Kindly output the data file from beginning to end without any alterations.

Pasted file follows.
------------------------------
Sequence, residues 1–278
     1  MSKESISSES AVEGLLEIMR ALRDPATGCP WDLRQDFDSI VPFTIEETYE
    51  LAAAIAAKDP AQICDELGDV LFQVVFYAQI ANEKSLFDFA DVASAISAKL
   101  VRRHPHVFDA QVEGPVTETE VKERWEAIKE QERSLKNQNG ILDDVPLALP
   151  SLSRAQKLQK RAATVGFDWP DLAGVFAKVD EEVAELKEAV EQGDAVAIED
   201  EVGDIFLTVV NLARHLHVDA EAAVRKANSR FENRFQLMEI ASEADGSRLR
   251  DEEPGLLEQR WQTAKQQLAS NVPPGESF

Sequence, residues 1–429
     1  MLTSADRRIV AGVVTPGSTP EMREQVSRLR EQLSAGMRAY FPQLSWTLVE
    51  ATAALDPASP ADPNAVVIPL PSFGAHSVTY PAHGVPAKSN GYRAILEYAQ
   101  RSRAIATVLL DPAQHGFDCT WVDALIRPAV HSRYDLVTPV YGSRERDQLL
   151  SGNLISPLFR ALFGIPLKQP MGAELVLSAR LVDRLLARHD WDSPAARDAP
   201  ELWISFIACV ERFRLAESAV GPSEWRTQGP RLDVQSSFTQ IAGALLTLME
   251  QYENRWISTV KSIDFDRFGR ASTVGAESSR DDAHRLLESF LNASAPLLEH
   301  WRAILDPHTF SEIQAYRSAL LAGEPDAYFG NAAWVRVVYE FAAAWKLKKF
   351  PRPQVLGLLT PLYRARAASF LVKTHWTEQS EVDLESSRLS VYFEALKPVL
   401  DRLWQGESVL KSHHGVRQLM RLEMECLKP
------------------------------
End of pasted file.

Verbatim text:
Sequence, residues 1–278
     1  MSKESISSES AVEGLLEIMR ALRDPATGCP WDLRQDFDSI VPFTIEETYE
    51  LAAAIAAKDP AQICDELGDV LFQVVFYAQI ANEKSLFDFA DVASAISAKL
   101  VRRHPHVFDA QVEGPVTETE VKERWEAIKE QERSLKNQNG ILDDVPLALP
   151  SLSRAQKLQK RAATVGFDWP DLAGVFAKVD EEVAELKEAV EQGDAVAIED
   201  EVGDIFLTVV NLARHLHVDA EAAVRKANSR FENRFQLMEI ASEADGSRLR
   251  DEEPGLLEQR WQTAKQQLAS NVPPGESF

Sequence, residues 1–429
     1  MLTSADRRIV AGVVTPGSTP EMREQVSRLR EQLSAGMRAY FPQLSWTLVE
    51  ATAALDPASP ADPNAVVIPL PSFGAHSVTY PAHGVPAKSN GYRAILEYAQ
   101  RSRAIATVLL DPAQHGFDCT WVDALIRPAV HSRYDLVTPV YGSRERDQLL
   151  SGNLISPLFR ALFGIPLKQP MGAELVLSAR LVDRLLARHD WDSPAARDAP
   201  ELWISFIACV ERFRLAESAV GPSEWRTQGP RLDVQSSFTQ IAGALLTLME
   251  QYENRWISTV KSIDFDRFGR ASTVGAESSR DDAHRLLESF LNASAPLLEH
   301  WRAILDPHTF SEIQAYRSAL LAGEPDAYFG NAAWVRVVYE FAAAWKLKKF
   351  PRPQVLGLLT PLYRARAASF LVKTHWTEQS EVDLESSRLS VYFEALKPVL
   401  DRLWQGESVL KSHHGVRQLM RLEMECLKP